RARELY are Northern Rivers residents asked to rely purely on hope over circumstance.
But for a long time, this is exactly what Mullumbimby’s soon-to-be newest families were asked to do.
They weren’t hoping to be liberated from snarling traffic jams or a concrete jungle; the catalyst for so many sea and tree-changers who rightly call the Northern Rivers home.
When three sisters, as well as their husbands and children, arrive from the Democratic Republic of Congo they will have said goodbye to war, repression and a loss of liberty far beyond what the majority of us will ever have to endure.
The Democratic Republic of Congo – formerly known as Zaire – has been torn apart by war, and has the dubious honour of hosting the UN’s largest peace mission inAfrica.
After being forced to leave their home country for a refugee camp in Zambia about five years ago, the three families will arrive in Australia on March 15, before making their way to Mullumbimby.
They are some of the lucky few who have not only managed to flee the region, but have also jumped the various hoops needed to access a visa to come to Australia.
Only about one in four applicants are successful with their humanitarian visa application. Those who are require the support of a sponsor here in Australia.
That is where Sanctuary Northern Rivers comes in.
The community group endeavours to help refugees make a new life on the Northern Rivers by helping them with their applications.
Since 2004, Sanctuary has helped resettle 140 people in the Lismore area.
Sanctuary Northern Rivers president Dr Michael Douglas said the resettlements had been good for the new arrivals, as well as the community they were now a part of.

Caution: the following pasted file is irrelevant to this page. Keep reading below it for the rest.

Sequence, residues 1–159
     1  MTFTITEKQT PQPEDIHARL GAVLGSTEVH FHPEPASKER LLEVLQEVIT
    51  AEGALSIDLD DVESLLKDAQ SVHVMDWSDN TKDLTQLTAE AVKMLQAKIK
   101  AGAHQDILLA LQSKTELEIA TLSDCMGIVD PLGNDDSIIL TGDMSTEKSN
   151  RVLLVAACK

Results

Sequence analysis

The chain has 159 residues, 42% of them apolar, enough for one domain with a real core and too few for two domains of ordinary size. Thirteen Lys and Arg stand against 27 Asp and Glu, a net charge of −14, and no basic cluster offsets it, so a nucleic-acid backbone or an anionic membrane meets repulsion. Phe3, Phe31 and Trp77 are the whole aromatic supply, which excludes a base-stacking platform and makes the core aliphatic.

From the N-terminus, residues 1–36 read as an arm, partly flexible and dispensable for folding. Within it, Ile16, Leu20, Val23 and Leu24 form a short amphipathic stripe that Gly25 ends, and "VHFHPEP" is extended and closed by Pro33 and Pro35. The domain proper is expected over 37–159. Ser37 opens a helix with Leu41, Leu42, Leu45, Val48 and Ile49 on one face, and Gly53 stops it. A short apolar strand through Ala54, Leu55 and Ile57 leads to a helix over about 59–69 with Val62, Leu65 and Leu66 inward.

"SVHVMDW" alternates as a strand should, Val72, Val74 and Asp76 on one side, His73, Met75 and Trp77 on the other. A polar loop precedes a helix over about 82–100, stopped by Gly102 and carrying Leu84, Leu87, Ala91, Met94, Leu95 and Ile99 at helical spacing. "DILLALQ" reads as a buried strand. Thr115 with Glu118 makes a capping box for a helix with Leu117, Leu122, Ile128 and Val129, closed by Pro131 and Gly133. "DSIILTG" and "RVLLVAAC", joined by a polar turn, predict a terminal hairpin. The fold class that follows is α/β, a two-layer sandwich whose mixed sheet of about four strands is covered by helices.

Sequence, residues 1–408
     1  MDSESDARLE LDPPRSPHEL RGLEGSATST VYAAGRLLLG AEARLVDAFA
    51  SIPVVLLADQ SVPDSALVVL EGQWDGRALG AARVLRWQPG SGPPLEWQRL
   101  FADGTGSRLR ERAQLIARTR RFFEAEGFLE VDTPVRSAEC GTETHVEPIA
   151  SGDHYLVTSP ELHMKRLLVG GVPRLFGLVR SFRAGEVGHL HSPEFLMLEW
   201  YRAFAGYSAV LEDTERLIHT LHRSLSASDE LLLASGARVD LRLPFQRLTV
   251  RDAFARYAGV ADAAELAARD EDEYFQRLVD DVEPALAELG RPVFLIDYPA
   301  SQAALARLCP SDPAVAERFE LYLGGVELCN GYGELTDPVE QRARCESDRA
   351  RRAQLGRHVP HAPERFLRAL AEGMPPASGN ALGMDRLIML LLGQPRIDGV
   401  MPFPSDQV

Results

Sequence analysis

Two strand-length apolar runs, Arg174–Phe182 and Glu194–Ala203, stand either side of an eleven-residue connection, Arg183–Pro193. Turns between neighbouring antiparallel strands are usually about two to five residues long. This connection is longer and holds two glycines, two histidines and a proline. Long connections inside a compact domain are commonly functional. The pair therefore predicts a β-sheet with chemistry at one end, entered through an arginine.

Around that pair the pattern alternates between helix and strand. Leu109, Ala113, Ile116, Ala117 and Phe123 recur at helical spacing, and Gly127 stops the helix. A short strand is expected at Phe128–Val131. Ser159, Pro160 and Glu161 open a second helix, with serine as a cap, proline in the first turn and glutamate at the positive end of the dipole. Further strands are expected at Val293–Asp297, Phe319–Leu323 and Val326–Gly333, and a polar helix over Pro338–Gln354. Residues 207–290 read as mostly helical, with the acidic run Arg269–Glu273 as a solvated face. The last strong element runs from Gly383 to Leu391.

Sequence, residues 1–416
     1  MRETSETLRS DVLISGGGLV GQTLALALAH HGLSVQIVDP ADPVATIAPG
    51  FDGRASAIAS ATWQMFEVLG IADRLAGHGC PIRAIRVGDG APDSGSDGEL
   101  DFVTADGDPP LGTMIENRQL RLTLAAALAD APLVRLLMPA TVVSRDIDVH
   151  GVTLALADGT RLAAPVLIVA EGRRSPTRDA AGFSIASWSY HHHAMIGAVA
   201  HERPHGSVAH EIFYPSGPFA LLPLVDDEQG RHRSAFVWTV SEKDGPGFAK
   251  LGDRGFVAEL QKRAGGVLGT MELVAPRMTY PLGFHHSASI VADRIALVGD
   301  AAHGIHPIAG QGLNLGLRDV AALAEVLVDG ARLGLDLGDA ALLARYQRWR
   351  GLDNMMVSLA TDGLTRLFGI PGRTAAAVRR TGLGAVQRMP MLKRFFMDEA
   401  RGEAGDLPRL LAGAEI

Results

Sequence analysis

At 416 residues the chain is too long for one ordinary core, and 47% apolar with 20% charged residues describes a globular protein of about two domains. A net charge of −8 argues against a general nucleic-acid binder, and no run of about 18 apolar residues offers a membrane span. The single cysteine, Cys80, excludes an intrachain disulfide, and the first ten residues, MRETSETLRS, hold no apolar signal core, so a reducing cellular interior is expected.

“It has gone extremely well,” he said.
“There’s been an almost entirely positive reception.”
Indeed, Sanctuary has been so effective in resettling refugeesunder the Federal Government’s humanitarian program, a group of Mullumbimby residents approached Sanctuary to see how they could be involved.
Now that the resettlement is not far away, a public meeting will be held in Mullumbimby tonight to brief the community on how they can help make the transition easy for their new neighbours.
Dr Douglas said Mullumbimby was an ideal place for the families to start over given its size and reputation as an inclusive community.
Sanctuary’s Mullumbimby volunteers will provide practical assistance to the new families – everything from airport greetings to locating accommodation, as well as opening bank accounts and assembling furniture.
While Sanctuary generally provides settling in support for about six months, the cost is relatively small.
Sanctuary provides interest-free loans to refugees to help them purchase the plane tickets to Australia, which cost roughly $10,000 for a family.